The health blogosphere is spinning out of focus today as its residents and commentators try to intuit what a Republican victory in the Massachusetts U.S. Senate race could mean for Democrats’ efforts to overhaul the health care system.
Heritage’s Mike Brownfield thinks President Obama’s domestic agenda has led to dissatisfaction that’s being reflected in the election:
Those anti-big-government sentiments could put the kibosh on President Obama’s hallmark health care legislation if today’s special election for the late Edward Kennedy’s Senate seat doesn’t go the President’s way. Make no mistake, the Massachusetts election is very much about national issues – and President Obama’s liberal agenda. Health care came to dominate the Massachusetts race, and Republican candidate Scott Brown has made no bones about being the deciding vote to block Democrats’ health care reform legislation.
The New Republic’s Jonathan Cohn points out that Republican Candidate Brown has taken a split position on health reform: “Scott Brown is running on a promise to block the health care bill in Washington. But, as you may have heard, he is not running on a promise to roll back the reforms that Massachusetts implemented three years ago. In fact, he says he supports those reforms. …It’s pretty clear why Brown isn’t opposing the Massachusetts reforms: They happen to be popular.”
Several commentators are analyzing ‘Plan Bs’ should Democrat Martha Coakley lose — and throw the Senate’s current 60-votes for health care into question.
The New Republic’s Jonathan Chait says one option for Democrats to pursue is renewing efforts to persuade Republican Sen. Olympia Snowe to vote for the Senate bill. Says Chait:
Go back to Olympia Snowe. I have not seen any persuasive reporting, or even conjecture, about what Snowe is actually thinking. Her substantive demands have been met. By the end of the process, her only demand was to delay the bill by some unspecified time period, which is such a vacuous demand that it’s hard to believe it represents her actual beliefs. Did she turn against the bill completely? Did she decide that she couldn’t take the heat for voting yes? Or did she figure that, with sixty Democrats, her voted wouldn’t really be needed so there was no reason for her to take the heat? If options 1 and 2 fail, we may find out about Snowe.
Cato’s Michael Cannon disagrees, arguing that Snowe’s vote isn’t an option — unless Dems are will to make significant sacrifies:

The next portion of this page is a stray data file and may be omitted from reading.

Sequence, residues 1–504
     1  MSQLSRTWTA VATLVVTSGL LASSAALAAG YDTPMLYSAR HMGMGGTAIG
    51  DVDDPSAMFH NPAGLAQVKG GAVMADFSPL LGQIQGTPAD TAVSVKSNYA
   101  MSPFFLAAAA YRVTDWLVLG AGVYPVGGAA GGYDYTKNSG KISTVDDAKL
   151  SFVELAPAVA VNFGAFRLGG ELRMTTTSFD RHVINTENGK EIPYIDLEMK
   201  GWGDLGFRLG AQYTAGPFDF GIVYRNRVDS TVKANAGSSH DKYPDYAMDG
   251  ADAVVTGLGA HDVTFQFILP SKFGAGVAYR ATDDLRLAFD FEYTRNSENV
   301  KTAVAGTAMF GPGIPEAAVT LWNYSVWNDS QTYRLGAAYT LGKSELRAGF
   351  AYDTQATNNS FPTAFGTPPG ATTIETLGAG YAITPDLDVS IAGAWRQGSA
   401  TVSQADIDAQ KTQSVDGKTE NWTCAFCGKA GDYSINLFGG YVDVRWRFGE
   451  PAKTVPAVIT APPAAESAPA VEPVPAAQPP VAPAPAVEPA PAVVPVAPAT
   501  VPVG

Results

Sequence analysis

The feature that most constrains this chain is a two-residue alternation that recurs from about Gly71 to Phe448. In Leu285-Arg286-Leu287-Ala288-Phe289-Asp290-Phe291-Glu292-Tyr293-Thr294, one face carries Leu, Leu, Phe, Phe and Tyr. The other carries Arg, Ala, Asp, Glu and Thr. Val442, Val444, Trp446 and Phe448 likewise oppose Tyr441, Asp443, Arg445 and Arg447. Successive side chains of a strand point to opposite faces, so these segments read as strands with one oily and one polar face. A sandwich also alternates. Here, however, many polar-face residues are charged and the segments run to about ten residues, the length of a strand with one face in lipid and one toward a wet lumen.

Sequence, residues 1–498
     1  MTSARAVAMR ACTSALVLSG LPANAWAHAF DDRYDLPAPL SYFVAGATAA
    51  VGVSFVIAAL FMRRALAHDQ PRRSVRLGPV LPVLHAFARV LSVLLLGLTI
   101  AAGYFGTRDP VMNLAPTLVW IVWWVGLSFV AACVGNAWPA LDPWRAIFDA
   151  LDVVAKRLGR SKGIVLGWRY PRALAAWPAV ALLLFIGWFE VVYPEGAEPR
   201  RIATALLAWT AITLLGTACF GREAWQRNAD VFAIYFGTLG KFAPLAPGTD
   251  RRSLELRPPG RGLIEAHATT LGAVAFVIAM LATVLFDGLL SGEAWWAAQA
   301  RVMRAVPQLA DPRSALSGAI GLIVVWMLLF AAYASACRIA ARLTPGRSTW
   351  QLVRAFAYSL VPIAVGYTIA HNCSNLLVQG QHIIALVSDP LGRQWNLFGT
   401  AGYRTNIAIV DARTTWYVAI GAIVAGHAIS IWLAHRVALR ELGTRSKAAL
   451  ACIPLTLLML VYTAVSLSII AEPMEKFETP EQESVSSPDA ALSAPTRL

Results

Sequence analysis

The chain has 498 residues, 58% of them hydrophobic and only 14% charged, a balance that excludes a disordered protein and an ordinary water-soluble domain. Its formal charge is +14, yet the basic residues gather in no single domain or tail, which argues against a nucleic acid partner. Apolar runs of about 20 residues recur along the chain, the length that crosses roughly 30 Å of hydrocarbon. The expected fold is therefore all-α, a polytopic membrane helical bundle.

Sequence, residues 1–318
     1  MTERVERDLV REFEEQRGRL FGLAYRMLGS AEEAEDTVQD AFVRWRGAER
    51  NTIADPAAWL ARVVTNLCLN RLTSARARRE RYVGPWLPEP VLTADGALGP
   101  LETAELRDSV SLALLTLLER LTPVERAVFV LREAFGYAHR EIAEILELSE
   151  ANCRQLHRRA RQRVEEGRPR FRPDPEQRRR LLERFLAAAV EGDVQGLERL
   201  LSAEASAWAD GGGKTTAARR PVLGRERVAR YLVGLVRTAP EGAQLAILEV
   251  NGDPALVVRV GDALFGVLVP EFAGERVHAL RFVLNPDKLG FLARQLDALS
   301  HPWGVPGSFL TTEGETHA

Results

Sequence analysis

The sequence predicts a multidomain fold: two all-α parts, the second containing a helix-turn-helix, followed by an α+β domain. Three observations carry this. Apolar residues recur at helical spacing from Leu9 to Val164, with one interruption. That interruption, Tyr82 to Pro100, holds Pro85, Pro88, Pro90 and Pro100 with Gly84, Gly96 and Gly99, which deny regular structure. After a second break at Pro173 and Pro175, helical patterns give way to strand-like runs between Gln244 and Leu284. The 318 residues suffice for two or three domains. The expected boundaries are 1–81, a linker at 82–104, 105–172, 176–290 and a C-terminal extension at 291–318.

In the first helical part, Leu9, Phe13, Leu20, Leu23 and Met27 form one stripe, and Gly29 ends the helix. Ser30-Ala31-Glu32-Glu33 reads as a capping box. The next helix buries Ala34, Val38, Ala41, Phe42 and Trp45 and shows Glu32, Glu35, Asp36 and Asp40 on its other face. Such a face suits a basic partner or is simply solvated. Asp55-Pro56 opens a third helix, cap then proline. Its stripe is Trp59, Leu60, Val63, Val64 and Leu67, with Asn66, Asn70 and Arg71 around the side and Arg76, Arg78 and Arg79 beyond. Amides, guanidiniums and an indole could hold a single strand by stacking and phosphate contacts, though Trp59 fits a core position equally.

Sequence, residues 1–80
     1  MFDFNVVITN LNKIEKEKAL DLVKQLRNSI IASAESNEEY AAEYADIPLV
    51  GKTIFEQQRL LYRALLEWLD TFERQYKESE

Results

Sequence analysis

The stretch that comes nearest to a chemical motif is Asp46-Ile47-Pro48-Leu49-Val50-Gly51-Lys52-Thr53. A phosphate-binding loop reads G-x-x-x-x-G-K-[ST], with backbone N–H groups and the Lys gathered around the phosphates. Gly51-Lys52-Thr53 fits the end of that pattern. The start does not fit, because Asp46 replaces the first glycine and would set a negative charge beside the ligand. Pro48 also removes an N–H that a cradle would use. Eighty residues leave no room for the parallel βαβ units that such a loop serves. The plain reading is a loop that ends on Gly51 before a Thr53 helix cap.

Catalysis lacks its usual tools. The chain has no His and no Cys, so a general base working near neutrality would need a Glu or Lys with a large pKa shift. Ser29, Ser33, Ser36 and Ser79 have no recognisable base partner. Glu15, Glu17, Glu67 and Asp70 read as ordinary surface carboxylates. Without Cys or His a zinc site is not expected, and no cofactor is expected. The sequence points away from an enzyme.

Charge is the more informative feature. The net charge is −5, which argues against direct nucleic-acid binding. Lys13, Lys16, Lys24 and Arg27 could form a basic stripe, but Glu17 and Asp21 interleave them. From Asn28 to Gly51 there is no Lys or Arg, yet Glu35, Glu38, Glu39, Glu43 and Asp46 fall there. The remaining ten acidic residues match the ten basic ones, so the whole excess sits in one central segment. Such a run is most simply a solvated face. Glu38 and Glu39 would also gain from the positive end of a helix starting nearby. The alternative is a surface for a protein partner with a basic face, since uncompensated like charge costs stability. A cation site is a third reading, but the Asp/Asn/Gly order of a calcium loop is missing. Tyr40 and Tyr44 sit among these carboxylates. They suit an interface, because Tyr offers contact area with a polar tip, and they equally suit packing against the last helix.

If she were to vote for an individual mandate after declaring that such a law would violate the Constitution, Snowe could reasonably be accused of violating the oath she swore to the Constitution upon joining the Senate.
Yet Democrats are unlikely to support any bill that does not include an individual mandate. As President Obama told a joint session of Congress, his plan “only works” if lawmakers force everyone to purchase government-designed health insurance.
Hot Air’s Ed Morrissey notes that even some Democrats are expressing doubt about a health bill’s chances should Brown win: “Republicans have argued that a Scott Brown victory today would stop ObamaCare in its tracks. Barack Obama and Nancy Pelosi insist that it won’t. On today’s “Morning Joe,” Rep. Anthony Weiner (D-NY) agreed with Republicans, saying that he would have a “difficult time” voting for what he sees as an inferior Senate bill.”
Critical Condition’s James Capretta looks at options being discussed and says the idea of a “Plan B is absurd.” Capretta continues: “If Brown were to win, it would send shock waves through Democratic ranks unlike anything we have seen in recent years. Democratic infighting would intensify. Many more closed-door meetings would be held as members vented and fought over what to do. It would takes weeks, not days, for this process to play out. There would be no health-care bill before the president is forced to deliver a state of the union address.”
Comments like Capretta’s are the likely inspiration for Ezra Klein’s declaration: “The only thing Democrats need to fear is fear itself.” According to Klein, “The bottom line is that it’s health-care reform was a good idea last week, it’s a good idea next week. Brown doesn’t change the politics, the policy, or the feasibility of passing the bill.”